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T H E .// B E G I N N I N G //.

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Hidden 10 mos ago 10 mos ago Post by Stormflyx
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Stormflyx S U P E R L O V E

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Cedar Fort at night was beautiful, a picturesque utopia of bright neon lights and modern architecture alongside the buildings of years and eras gone by. It was picturesque of course if you viewed it from above, as long as you didn’t get to close, you wouldn’t notice the stains and tears at the fabric of the city. You wouldn’t notice that the further from dead centre that you got, the easier it was to find filth.

The centre was the hub of wealth and those who lived in the flashy towers had the best technology, access to what they needed, and the best security - it really was an Eden for them, for the socialites, high-flying businessmen, and general bourgeoise. They did not struggle for food. They did not know thirst, everything that they could wish for, belonged to them. They had on a silver platter the world that had been promised to them. ‘The World of Tomorrow’ had always been on the horizon, just a wish for a better future, for technology and automation, for freedom and peace, for a greener world. It was all just a wish, only a percentage of the people were elevated. Only a percentage had their wishes come true. The rest were left behind. How could it be, that while so many sat pretty, many more sat in dirt?

With a monorail system in place, the original subway lines were no longer in use - and instead the labyrinthine tunnels then became the structure to house some of the poorest within the city. At least that way they were out of the near constant rain, but it was a literal underbelly for depravity. Nobody chose to live there, the tunnels chose them, grasped at the lost and weary - the hopeless. They would be seduced by the life, the freedom, the people who seemed so decent. That was the trap, and so the tunnels simply digested the souls of those who entered and sent them back out as criminals.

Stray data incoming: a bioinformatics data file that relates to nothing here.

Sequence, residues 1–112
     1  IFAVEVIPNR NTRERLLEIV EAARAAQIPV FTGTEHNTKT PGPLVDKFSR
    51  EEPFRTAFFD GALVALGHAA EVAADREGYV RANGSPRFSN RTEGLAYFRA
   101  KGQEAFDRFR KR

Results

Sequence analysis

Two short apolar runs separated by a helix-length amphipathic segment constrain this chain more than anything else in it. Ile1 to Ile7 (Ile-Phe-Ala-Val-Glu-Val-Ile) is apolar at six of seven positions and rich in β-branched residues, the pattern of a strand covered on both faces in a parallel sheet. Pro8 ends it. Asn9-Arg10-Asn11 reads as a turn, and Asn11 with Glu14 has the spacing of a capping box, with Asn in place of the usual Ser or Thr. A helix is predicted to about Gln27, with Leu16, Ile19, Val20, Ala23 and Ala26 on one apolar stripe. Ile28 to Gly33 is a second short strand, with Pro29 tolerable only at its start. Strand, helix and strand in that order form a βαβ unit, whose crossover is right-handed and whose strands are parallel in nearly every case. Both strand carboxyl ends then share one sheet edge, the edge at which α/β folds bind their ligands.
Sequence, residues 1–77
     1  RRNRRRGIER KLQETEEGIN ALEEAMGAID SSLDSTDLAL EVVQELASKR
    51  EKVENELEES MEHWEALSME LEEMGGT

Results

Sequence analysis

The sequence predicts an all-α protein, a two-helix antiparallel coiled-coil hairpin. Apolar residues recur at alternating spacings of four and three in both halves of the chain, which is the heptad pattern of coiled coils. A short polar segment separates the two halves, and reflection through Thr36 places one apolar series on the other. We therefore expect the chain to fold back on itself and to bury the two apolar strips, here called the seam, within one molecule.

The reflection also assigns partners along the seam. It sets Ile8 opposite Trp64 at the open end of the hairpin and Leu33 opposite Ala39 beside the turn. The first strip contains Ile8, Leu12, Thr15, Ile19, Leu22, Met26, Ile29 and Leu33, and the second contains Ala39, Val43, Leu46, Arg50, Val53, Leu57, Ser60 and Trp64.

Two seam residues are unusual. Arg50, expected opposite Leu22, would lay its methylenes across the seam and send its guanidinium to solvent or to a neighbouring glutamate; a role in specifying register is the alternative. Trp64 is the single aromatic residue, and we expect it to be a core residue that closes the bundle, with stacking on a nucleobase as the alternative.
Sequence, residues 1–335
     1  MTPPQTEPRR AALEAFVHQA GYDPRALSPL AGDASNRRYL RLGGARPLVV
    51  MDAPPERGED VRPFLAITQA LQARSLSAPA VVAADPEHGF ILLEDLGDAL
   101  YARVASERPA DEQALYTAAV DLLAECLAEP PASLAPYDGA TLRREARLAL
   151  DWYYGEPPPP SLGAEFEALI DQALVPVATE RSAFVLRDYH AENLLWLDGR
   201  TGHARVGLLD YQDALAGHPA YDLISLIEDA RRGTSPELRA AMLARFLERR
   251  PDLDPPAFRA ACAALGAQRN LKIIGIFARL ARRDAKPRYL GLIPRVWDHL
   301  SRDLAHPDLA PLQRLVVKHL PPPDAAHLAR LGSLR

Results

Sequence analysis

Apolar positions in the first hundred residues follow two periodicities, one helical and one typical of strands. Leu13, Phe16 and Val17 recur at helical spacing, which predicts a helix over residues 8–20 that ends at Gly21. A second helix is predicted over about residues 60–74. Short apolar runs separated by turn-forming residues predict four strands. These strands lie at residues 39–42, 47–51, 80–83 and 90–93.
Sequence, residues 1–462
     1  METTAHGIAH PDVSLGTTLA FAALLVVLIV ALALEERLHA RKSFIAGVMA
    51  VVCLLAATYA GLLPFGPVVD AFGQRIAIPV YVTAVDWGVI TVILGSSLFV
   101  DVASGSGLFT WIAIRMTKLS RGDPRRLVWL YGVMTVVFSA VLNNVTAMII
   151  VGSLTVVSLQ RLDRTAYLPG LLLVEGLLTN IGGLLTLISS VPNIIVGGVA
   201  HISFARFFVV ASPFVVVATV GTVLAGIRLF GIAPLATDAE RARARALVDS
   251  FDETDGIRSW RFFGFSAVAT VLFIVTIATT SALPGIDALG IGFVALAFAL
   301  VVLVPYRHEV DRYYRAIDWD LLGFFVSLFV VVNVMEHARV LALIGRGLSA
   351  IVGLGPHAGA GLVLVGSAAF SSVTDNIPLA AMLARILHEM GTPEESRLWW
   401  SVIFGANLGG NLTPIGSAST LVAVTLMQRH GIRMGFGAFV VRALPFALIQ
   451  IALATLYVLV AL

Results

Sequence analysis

The further one got from the centre, the further one got from society, and miles beyond the last crumbling walls of the city, there was simple a wasteland of abandoned buildings. Industrial units that had been made obsolete by technology. Just barren stacks of brick, slowly eroding with the passing of time. Nobody really wanted to stray too far from the lights, no matter how much dirt they were in. It was better to be at least know the light, than to feel the loneliness of yesterday.

Outside of Cedar Fort

The warehouse was cold.

Because of course it was. Nobody cared about the outskirts of Cedar Fort, certainly not enough to care about a dilapidated warehouse sat amongst rows and rows and rows of abandoned warehouses. The only differentiating factor that it had was that it was red - or at least it had been once. Now, the paint was peeling away - leaving patches of dirty brickwork and flakes on the ground trodden into the gravel.

Addison sighed, watching as the condensation blew out from her lips. She shivered and wrapped her arms tighter around herself. To the left of her was a box of electronics, and to the right a folding stool she’d brought along for the trip. Even with the tiny campfire, she couldn’t get warm - and it became difficult to know if she was freezing or just completely nervous. She cupped her gloved hands to her face and breathed against them - continuing to pace the floor, but never drawing too far from the flames.

She’d been here for hours, at least that was how it felt. Like she’d been here all day, it had been a while since the sun had set. Addison was hungry too, real hungry. She just wanted to get back to her apartment, lock herself in, make a hot dinner, and forget that she’d ever had a ridiculous idea. It was clear that nobody was coming, that her message hadn’t been heard. She’d even had a moment of anxiety earlier when she worried about whether or not she had sent out the right coordinates. What if a super had arrived somewhere, and was simply doing the same dance as she was right now? Cold, hungry, and waiting in the dark.